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How do I change my court order?

You or your partner may want or need to change your court order because of changes to your situation. For example:

  • Your child's living arrangements have changed.
  • Your child has new medical needs.
  • Your child has new education needs.
  • Either you or your partner would like to move.
  • Your partner is self-sufficient and spousal support should end.
  • You have access but your partner is not allowing you to see your child.
  • Your partner makes more money and you want them to pay more child support.
  • Your child finishes school, marries, or moves out on their own.
  • Your child is working full-time.

It can be difficult to get along with your partner. Small issues can build up and make you want to change your court order. Think carefully about what issues you want to take to court.

For example, it is best not to go to court for things like who has to wash your child's clothes after access visits or because your partner isn't always on time. Try to find another way to resolve these issues that can save you time and money.

You should first see what your court order says you have to do if one of you doesn't follow it. For example, it might say that you have to try mediation to work out your issues before going to court. Even if your court order doesn’t say this, you may want to get help from a family law professional.

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1. Talk to your partner

You and your partner can talk about changing your court order to deal with the changes in your situation. You can talk to your partner on your own, with the help of someone you both trust, or with the help of a lawyer or mediator.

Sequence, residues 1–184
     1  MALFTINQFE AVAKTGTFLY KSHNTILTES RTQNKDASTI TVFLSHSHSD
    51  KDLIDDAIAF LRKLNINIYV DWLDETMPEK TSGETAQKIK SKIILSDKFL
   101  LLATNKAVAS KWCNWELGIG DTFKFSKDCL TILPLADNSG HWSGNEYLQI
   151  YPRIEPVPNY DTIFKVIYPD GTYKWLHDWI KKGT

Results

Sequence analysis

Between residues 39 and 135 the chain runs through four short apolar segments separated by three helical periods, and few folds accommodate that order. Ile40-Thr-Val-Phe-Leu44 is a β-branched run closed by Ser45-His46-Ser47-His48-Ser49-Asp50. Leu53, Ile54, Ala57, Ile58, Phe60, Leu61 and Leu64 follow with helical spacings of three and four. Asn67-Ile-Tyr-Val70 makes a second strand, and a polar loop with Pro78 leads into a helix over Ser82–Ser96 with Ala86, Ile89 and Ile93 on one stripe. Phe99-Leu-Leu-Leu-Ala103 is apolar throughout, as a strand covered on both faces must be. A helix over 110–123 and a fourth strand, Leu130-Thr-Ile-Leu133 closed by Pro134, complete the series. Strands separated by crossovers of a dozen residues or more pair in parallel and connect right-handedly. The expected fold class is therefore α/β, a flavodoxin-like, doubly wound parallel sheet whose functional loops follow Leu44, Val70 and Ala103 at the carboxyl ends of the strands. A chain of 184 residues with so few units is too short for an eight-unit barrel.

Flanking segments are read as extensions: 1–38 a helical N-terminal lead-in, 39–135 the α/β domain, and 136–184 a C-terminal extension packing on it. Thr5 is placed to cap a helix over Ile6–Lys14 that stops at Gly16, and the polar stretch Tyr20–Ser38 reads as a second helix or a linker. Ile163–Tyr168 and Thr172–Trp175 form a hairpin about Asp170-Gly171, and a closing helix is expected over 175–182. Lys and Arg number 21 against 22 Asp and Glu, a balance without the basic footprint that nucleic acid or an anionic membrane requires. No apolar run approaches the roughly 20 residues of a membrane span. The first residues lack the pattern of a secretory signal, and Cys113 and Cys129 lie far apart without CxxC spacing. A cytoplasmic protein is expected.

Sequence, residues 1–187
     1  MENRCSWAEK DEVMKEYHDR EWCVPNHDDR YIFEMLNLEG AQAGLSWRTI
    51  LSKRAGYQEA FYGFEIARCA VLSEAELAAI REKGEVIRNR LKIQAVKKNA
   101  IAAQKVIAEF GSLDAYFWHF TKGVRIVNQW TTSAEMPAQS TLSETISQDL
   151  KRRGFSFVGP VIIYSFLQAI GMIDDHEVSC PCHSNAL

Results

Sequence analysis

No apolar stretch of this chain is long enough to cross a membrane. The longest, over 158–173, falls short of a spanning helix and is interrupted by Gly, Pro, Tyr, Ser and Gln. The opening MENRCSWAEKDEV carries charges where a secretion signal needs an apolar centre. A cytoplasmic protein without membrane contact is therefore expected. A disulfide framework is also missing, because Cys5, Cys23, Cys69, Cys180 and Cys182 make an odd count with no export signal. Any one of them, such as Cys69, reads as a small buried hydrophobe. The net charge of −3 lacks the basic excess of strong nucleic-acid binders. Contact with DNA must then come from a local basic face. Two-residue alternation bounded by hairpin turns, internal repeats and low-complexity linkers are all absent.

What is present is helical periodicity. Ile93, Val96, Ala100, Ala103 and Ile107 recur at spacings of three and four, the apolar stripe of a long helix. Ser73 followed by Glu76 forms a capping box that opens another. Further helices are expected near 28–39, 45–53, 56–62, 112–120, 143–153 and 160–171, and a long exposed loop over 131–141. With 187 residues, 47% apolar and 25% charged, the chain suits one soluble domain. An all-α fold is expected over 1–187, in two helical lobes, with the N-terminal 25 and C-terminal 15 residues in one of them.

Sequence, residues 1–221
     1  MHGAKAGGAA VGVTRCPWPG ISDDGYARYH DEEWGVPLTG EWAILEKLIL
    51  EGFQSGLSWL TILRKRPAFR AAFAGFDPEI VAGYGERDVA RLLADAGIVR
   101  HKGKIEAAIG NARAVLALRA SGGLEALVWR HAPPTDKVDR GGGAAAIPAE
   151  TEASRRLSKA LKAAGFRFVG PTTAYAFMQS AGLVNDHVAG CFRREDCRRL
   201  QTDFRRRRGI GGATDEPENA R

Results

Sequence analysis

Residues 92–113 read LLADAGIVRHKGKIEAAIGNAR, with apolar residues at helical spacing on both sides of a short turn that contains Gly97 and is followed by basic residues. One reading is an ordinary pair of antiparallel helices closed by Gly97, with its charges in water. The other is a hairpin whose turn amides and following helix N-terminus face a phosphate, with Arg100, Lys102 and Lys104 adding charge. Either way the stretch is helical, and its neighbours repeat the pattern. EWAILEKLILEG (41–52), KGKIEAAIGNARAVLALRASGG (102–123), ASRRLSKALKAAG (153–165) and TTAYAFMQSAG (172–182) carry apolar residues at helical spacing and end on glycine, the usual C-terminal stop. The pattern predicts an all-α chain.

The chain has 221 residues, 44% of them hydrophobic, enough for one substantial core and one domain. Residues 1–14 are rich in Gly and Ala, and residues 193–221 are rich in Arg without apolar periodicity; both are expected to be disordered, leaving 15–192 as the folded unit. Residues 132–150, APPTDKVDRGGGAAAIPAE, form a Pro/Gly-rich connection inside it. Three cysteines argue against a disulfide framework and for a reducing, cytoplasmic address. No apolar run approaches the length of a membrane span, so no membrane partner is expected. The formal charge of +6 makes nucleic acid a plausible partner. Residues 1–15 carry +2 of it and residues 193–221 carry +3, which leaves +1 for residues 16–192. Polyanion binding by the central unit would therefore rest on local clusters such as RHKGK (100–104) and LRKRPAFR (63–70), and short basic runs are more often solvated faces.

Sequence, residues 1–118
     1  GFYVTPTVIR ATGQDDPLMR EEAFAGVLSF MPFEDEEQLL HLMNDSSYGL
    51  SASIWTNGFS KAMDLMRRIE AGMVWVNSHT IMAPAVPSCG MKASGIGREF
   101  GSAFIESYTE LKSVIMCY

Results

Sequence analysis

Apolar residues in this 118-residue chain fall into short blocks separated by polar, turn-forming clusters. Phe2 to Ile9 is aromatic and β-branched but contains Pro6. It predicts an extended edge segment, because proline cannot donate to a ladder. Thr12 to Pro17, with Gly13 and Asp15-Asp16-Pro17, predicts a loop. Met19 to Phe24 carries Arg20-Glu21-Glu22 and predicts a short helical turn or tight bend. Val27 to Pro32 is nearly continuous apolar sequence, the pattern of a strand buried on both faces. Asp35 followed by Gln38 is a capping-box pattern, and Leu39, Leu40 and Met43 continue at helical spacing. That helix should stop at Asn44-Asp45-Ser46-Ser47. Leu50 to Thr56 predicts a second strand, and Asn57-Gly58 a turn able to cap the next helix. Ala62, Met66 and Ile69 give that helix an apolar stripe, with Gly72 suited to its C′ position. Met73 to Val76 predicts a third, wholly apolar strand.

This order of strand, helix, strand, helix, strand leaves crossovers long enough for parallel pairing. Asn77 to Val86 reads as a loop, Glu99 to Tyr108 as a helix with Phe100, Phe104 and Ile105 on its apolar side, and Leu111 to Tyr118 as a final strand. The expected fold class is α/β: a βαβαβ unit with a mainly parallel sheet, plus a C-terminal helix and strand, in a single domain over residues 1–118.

If you can agree on changing your court order, you do not have go to court to have a judge make a decision for you. But you still need to file documents with the court and get a new order based on your agreement. This called a consent order.

Child support

If you and your partner agree to change an order for child support only, you need to fill out:

  • Form 15D: Consent Motion to Change Child Support, which sets out the new child support arrangements you and your partner agree to. You and your partner have to sign the form in front of a witness. You cannot witness each other's signatures. Attach a copy of your existing order.
  • Form 25: Order, where you write the orders you want the court to make. Be specific about which terms of the existing order you're asking to change.
  • Support Deduction Order.
  • Support Deduction Order Information Form.
  • Confirmation of Assignment form, if you don't know whether your support payments are or was assigned to a social services agency. This means the payments go through an agency such as Ontario Works or the Ontario Disability Support Program.
  • 2 self-addressed, stamped envelopes, one for each of you if you want your order mailed to you. Otherwise you can pick it up from the court or have it faxed to you.

Other issues

If you and your partner agree to change an order for child support and other things, like your custody and access order, you need to fill out:

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2. Get help from a family law professional

If you and your partner cannot agree on changing your court order, you can get help from a family law professional. These are neutral people who are trained to work with both of you to help you reach an agreement or make a decision for you.

Family law professionals can work in:

  • mediation
  • arbitration
  • mediation-arbitration
  • collaborative family law
  • parenting coordinator

All of these processes are sometimes called alternative dispute resolution (ADR). They help solve your issues without going to court. Deciding which process is best for you depends on the facts of your situation and what you want. For example, a mediator doesn't make decisions for you, but an arbitrator does.

Your court order might even require that you first try a process like mediation to work out your issues before taking any further steps like going to court.

Some of the reasons to use ADR instead of going to court are:

  • You have more control over what happens to your case.
  • It can be faster and cheaper.
  • It can be less stressful.
  • It takes place in a private setting.

But, there are some situations where it may be better not to use ADR, such as: